The Comedy of Errors at Shakespeare & Company

Hilarious Farce in a Modern Setting

By: - Aug 01, 2015

Kelley Curran Song and Dance Number John Aaron McCabe as Duke Solinus/Pinch Aaron Bartz as Dromio and Ian Lassiter as Antipholus Kelley Curran as Adriana and Ian Lassiter as Antipholus

The Comedy of Errors
By William Shakespeare
Directed by Taibi Magar
Scenic design, John McDermott; Costumes, Tilly Grimes; Lighting, Matthew Miller; Sound design, Stowe Nelson; Fight Choreographer, Michael F. Toomey; Choreographer & Movement Director, Jesse Perez; Stage Manager, Hope Rose Kelly; Voice & Text Coach, Gwendolyn Schwinke
Cast: Aaron Bartz (Dromio of Ephesus/Dromio of Syracuse), Ben Chase (Officer/Merchant), Jenelle Chu (Courtesan), Kelley Curran (Adriana), Cloteal L. Home (Luciana), Malcolm Ingram (Egeon), Ian Lassiter (Antipholus of Ephesus/Antipholus of Syracuse), John Aaron McCabe (Abbess), Daniel Rios Jr. (Merchant), Douglas Seldin (Luce), Michael F. Toomey (Angelo)

Tina Packer Playhouse
Lenox, MA
July 2 - August 23

As you take your seat to see The Comedy of Errors by William Shakespeare at the Tina Packer Playhouse, you may bump into a character on inline skates.  Or you may notice a couple tending to a barbeque on astro turf.  All are in modern dress, some in short shorts and five inch wedgies.

As the play starts, Josh Aaron McCabe, as Duke Solinus/Pinch, speaks his lines sounding very much like Marlon Brando in The Godfather. He sports a huge cigar.  What's going on, you may think. Then you start to laugh.

And you continue for the next 90 minutes.

Taibi Magar, making her directing debut at Shakespeare & Company, brings this unexpected hip-hop approach to Shakespeare's shortest comedy. 

And, it works, thanks to her insight and the very talented cast.

Magar says: "Comedy of Errors is a wonderful, eclectic and saucy play.  Shakespeare has written a seductive and magnetic farce about that crazy little thing called love.  The rhythms of the play expose our human folly, our reckless mistakes and the unbridled human jealousy that reigns within us all...This production will reveal Human Nature as an uproarious drunk.  We hope our audiences have a good laugh at the absurd ridiculous in us all."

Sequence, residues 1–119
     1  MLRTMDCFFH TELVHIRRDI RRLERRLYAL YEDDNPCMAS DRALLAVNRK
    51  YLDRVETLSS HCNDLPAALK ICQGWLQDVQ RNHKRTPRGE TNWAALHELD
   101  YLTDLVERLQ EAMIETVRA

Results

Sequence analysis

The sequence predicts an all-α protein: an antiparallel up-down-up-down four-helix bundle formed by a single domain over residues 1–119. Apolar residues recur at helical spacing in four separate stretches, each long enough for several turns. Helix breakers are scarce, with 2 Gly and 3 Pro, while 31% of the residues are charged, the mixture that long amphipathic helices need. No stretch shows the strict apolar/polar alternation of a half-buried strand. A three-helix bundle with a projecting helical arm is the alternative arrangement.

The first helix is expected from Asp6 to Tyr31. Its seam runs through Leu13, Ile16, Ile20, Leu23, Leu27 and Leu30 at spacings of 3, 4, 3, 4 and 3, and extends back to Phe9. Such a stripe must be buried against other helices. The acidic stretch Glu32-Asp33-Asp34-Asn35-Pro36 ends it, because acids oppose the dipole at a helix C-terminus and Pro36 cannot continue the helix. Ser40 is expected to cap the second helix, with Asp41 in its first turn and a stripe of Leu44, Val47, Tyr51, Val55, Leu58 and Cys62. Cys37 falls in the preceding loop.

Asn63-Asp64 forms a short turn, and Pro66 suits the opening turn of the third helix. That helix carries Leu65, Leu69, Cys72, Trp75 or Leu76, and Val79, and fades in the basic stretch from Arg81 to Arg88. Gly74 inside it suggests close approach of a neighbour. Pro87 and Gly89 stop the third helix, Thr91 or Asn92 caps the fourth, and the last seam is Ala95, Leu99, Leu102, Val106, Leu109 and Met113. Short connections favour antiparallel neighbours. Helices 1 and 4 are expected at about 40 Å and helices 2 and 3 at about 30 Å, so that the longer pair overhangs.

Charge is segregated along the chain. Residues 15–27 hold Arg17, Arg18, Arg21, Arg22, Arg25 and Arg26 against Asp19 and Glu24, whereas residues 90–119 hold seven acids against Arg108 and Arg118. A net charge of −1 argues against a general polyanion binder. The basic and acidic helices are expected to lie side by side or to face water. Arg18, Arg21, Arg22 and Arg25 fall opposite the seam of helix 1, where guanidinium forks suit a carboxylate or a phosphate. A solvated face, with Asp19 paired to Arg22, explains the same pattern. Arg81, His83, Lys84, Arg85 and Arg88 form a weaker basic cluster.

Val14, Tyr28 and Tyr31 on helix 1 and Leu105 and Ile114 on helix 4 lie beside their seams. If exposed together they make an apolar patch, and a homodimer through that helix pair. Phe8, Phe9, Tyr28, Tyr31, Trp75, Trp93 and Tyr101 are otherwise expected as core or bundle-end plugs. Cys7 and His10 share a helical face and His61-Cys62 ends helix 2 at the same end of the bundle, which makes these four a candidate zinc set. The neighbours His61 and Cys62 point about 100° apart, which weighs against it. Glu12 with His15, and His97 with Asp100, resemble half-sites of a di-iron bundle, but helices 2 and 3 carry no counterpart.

A graduate of the Brown/Trinity MFA program and an alumna of the Lincoln Center Director's Lab, Magar took on this assignment reluctantly, but soon fell in love with the message of this comedy.

The story line is this: two identical twins are separated at birth, along with their twin servants. When they all meet in Ephesus, the mistaken identities ignite an uproarious adventure that takes the audience with it.

Misunderstandings abound, characters fight, people sing and dance.

This works because of the cast. 

Aaron Bartz, as the two Dromios, plays the servant as exasperated, confused, and compliant. Ian Lassiter, as the two Antipholus's, is enraged and stupefied by what is happening.

These characters engage in fighting, running, singing and do it all with zest and great fun. They have the audience in the palms of their hands. Kelley Curran, as Adriana, wife to Antipholus in Ephesus, sustains her character's indignation throughout, and also is a great singer.  And credit must go to Ben Chase as the Officer on skates, who never loses a beat, despite all the action.

How does Taibi Magar solve the problem of having four people on stage at the end of the production when only two actors played them?  

You will have to go to find out.

You'll leave the theater smiling, as I did.